Someone might actually have a case against the jsNoFollow site for non-attribution with those 'links' the way they are on the page, someone really might, because with the way it's coded if your turn your JavaScript off there is no attribution or link that I remember seeing ... As far as I can tell, they don't 'give attribution' as a blanket practice; they 'give attribution' in certain situations: Only when JavaScript is enabled.

[edited by: TheMadScientist at 10:53 pm (utc) on Feb 26, 2011]

aakk9999

WebmasterWorld Administrator 5+ Year Member



 
Msg#: 4272916 posted 10:49 pm on Feb 26, 2011 (gmt 0)

analyzing a big name website that was doing a lot quite well - and that IS the way the thread went for a while.... I can assure everyone that our thread did NOT start the Wall Street Journal investigation...

In the hindsight, my feeling is that the OS thread was a some kind of setup. It was almost like someone knew all (or most) answers already at the time of starting it, and when the thread died, it got resurrected only couple of days after JCP article in NYT, and with an answer served on the plate by the user who never posted before nor after. Maybe "they" needed WebmasterWorld members reaction to ensure Google reacts the way it did.

weeks

WebmasterWorld Senior Member 5+ Year Member



 
Msg#: 4272916 posted 11:12 pm on Feb 26, 2011 (gmt 0)

Seeking to Weed Out Drivel, Google Adjusts Search Engine
(Front page, The New York Times today):
In a tacit admission that Web publishers are flooding its search engine with low-quality pages, Google has revised its methods to improve the usefulness of its results.
[nytimes.com...]


I hang out in the real world quite a bit and it has been interesting to hear lay people complain about Google's results. I expect to hear it here, but when my wife--and she is as real as it gets--starts talking about it, something is up.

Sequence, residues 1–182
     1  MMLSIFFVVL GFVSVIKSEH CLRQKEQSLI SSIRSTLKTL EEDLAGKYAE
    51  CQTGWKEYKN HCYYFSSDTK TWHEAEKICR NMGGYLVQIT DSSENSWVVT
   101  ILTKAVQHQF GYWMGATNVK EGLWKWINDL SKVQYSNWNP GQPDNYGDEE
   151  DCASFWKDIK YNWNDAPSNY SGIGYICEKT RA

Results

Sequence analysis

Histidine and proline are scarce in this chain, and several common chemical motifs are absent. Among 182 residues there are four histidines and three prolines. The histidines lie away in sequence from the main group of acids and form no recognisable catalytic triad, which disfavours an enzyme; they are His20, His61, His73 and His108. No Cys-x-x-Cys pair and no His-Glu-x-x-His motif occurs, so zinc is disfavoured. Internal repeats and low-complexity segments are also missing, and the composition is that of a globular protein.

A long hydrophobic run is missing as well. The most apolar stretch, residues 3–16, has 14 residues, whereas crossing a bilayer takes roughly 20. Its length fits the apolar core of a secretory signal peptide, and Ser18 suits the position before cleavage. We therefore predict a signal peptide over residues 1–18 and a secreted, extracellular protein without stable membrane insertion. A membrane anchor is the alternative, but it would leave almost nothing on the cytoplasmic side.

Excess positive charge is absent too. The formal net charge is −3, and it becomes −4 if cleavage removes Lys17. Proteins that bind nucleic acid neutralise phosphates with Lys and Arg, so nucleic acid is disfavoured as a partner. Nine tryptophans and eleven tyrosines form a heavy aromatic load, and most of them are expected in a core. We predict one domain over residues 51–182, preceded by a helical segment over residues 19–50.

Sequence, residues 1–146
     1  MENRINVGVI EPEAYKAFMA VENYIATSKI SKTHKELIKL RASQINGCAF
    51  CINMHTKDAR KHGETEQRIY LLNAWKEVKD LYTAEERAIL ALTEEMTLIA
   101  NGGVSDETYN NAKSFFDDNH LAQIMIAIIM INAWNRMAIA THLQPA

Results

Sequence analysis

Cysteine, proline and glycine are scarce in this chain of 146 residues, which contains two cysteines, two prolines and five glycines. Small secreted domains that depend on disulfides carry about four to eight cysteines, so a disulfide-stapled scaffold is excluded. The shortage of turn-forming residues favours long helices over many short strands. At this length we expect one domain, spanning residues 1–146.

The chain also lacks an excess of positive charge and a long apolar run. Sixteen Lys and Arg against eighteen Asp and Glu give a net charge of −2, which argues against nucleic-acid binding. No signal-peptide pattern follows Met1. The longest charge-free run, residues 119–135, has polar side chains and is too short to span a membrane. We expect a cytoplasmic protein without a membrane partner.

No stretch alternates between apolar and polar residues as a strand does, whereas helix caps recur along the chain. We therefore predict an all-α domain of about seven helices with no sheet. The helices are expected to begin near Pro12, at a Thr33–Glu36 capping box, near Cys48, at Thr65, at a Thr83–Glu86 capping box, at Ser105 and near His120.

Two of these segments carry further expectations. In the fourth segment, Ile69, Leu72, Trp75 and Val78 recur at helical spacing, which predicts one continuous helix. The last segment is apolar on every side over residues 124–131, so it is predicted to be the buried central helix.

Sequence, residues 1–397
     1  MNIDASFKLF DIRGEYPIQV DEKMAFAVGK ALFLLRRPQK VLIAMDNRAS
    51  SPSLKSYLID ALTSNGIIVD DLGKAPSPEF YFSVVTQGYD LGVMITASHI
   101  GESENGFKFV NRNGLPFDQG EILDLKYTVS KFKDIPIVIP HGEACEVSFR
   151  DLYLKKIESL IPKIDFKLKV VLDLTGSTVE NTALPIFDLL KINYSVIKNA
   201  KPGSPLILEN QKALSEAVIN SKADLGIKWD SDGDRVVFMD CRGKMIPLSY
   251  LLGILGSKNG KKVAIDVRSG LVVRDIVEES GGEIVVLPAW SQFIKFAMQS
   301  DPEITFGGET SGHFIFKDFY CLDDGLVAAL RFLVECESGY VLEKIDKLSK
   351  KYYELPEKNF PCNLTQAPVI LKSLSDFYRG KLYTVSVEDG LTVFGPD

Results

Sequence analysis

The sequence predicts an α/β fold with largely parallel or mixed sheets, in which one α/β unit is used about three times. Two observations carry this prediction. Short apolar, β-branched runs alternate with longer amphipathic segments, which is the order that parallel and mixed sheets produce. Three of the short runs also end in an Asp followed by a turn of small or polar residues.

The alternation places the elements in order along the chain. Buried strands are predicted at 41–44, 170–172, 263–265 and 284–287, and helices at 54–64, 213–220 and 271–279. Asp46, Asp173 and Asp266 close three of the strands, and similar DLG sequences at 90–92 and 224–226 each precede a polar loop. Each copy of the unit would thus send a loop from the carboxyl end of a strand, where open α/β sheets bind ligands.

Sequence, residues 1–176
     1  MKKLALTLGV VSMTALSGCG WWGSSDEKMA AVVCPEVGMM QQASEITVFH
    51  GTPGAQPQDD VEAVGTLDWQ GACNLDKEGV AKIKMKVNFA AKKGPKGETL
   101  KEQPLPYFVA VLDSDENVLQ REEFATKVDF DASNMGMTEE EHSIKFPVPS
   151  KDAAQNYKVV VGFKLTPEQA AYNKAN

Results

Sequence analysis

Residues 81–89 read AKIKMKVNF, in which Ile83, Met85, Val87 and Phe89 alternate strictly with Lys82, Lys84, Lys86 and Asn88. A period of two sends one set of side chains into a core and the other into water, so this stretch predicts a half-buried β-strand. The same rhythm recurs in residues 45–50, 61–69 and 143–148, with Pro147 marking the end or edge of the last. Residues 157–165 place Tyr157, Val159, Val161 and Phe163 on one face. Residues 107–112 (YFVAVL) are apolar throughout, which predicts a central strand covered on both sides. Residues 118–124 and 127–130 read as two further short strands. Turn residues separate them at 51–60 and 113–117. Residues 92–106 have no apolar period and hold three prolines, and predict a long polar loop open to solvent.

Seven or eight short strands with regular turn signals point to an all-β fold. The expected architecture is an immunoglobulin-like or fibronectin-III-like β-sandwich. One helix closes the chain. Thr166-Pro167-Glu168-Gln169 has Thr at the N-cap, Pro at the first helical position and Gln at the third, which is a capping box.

For the record, our few high ranking sites seem to be fine. (Most of my clients don't require SEO) But, then, they don't have drivel.

TheMadScientist

WebmasterWorld Senior Member themadscientist us a WebmasterWorld Top Contributor of All Time 5+ Year Member



 
Msg#: 4272916 posted 11:19 pm on Feb 26, 2011 (gmt 0)

<OT>
Let me just tell it how it is imo for a minute, because I don't think there should be a stinking apology to these major corps running sites and getting tanked for not following the rules.

The sites we're talking about build up HUGE earnings and numbers of rankings, and some (all?) of that comes at our expense as the competition.

They should be squeeky f'ing clean, or EXPECT to get blasted by us for cheating.

We aren't talking about 'Webmaster Joe' competing for Pink Widget sales in Detroit. We're talking about companies pulling out all the stops to rank for all the terms they can, and if that's going to come at the expense of the Mom and Pop webmaster, imo they should expect the microscope and they should do it by being better, cleaner and more informative than anyone else, not by putting jsNoFollow in all of their fake links.

What one of them does (imo) is sets the example for pushing not only the limits of Google's guidelines to the max, if not walking right over them, they push the edge of content theft to go along with it.

Does anyone really wonder why there's so much spam, plagiarism, near plagiarism and copying on the Internet? If you don't know, it's because it works.

Thanks G! I HOPE you get this content origination piece right one of these days, because it seems to me the big guys sure like to take from the little authors around the web and don't even bother to give a real, free, live link to the source. PATHETIC!

Someone asked why people 'hate' eHow in a thread and I don't remember exactly which one, but I'll tell you why I despise eHow, it's simple: jsNoFollow in the source code instead of proper, linked attribution like it should be. Makes Me Livid!
</OT>

[edited by: TheMadScientist at 11:28 pm (utc) on Feb 26, 2011]